The Coats Mission was a special British army unit established in 1940 for the purpose of evacuating King George VI, Queen Elizabeth and their immediate family in the event of a German invasion of Britain during the Second World War. It was led by Major James Coats, MC, Coldstream Guards, later Lieutenant-Colonel Sir James Coats, Bt. The force consisted of: Military police from the Provost Company of the 1st London Division for escort and traffic control, commanded by Captain Sir Malcolm Campbell, MBE. At Campbells suggestion they were equipped with fast Norton International Model 30 racing motorcycles rather than the standard military Norton WD16H of the era. A troop of the 12th Lancers based at Wellington Barracks commanded by Lieutenant W.A. Morris, known as the Morris Detachment. They were equipped with two Daimler Armoured Cars and four Guy Armoured Cars. Their role was to evacuate the King and Queen. In addition, the four Rolls-Royce Armoured Cars based at the Royal Mews would be attached to the troop in the event of an evacuation. A troop of the 2nd Northamptonshire Yeomanry based at Windsor Castle commanded by Lieutenant Michael Tomkin. They were equipped with four Guy Armoured Cars. Their role was to evacuate Princess Elizabeth and Princess Margaret. A Royal Army Service Corps section of 12 men with four Leyland Tiger buses based at Bushey Hall Golf Club. Their role was to transport the Coldstream Guards company. A special company of the Coldstream Guards. There were five officers and 124 Guardsmen based at Bushey Hall Golf Club. Every officer and Guardsman was personally interviewed by Major Coats before being assigned to the company. Initially, two of the Guy Armoured Cars in each troop had their guns removed and additional seats installed to carry members of the Royal Family. These were replaced by four specially built Daimler armoured limousines. Several country houses in remote locations, reportedly including Newby Hall, North Yorkshire, Pitchford Hall, Shropshire, Madresfield Court Earl Beauchamps home in Worcestershire, and a fourth unnamed house possibly Bevere Manor, Worcestershire, were designated as refuges. Madresfield Court reportedly replaced Croome Court, Worcester the home of the Earl of Coventry in 1940. It was also a safe house for King George III in the late eighteenth century, in the event of an invasion by Napoleon. Should invading German forces have reached the Midlands, the Royal Family would have been taken to Liverpool and evacuated by sea to Canada. Hatley Castle on Vancouver Island was purchased in 1940 as part of this contingency. If that last resort option had been required, the family were to travel to Holyhead for transport to Canada by the Royal Navy. The mission was disbanded in 1942 and the task of evacuating the Royal Family in an emergency was transferred to a detachment from the Household Cavalry Composite Regiment.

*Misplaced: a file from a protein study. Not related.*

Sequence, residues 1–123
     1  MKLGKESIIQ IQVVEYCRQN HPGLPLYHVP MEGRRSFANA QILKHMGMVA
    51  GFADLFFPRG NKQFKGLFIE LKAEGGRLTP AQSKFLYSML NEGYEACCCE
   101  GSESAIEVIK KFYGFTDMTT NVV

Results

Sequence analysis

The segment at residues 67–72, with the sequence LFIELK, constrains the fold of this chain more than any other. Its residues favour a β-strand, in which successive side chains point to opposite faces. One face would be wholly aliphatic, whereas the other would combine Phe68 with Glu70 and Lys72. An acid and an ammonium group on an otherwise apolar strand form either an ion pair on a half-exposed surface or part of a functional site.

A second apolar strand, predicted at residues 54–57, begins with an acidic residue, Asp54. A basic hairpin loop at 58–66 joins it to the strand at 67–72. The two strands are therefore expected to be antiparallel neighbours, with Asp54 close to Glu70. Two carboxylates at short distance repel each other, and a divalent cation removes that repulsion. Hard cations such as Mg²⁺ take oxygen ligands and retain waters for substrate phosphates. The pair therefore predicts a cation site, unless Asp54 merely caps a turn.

Decapitation strike

A decapitation strike is a military strategy aimed at removing the leadership or command and control of a hostile government or group. The strategy of shattering or defeating an enemy by eliminating its military and political leadership has long been utilized in warfare.


Emergency Government Headquarters

Emergency Government Headquarters is the name given for a system of nuclear fallout shelters built by the Government of Canada in the 1950s and 1960s as part of continuity of government planning at the height of the Cold War. Situated at strategic locations across the country, the largest of these shelters are popularly referred to as "Diefenbunkers", a nickname coined by federal opposition politicians during the early 1960s. The nickname was derived from the last name of the Prime Minister of the day, John Diefenbaker, who authorized their construction. Over fifty facilities were built along several designs for various classes of service. Most of these facilities were built, often in great secrecy, at rural locations outside major cities across Canada. The majority of the larger facilities were two-story underground bunkers while the largest at CFS Carp had four floors; these facilities were designed to withstand a near-miss from a nuclear explosion. Each underground facility had entrances through massive blast doors at the surface, as well as extensive air filters and positive air pressure to prevent radiation infiltration. Underground storage was built for food, fuel, fresh water, and other supplies for the facilities which were capable of supporting several dozen people for a period of several weeks. The facilities were operated by personnel from the Royal Canadian Corps of Signals, renamed to Communications Command after the 1968 unification of the Canadian Armed Forces.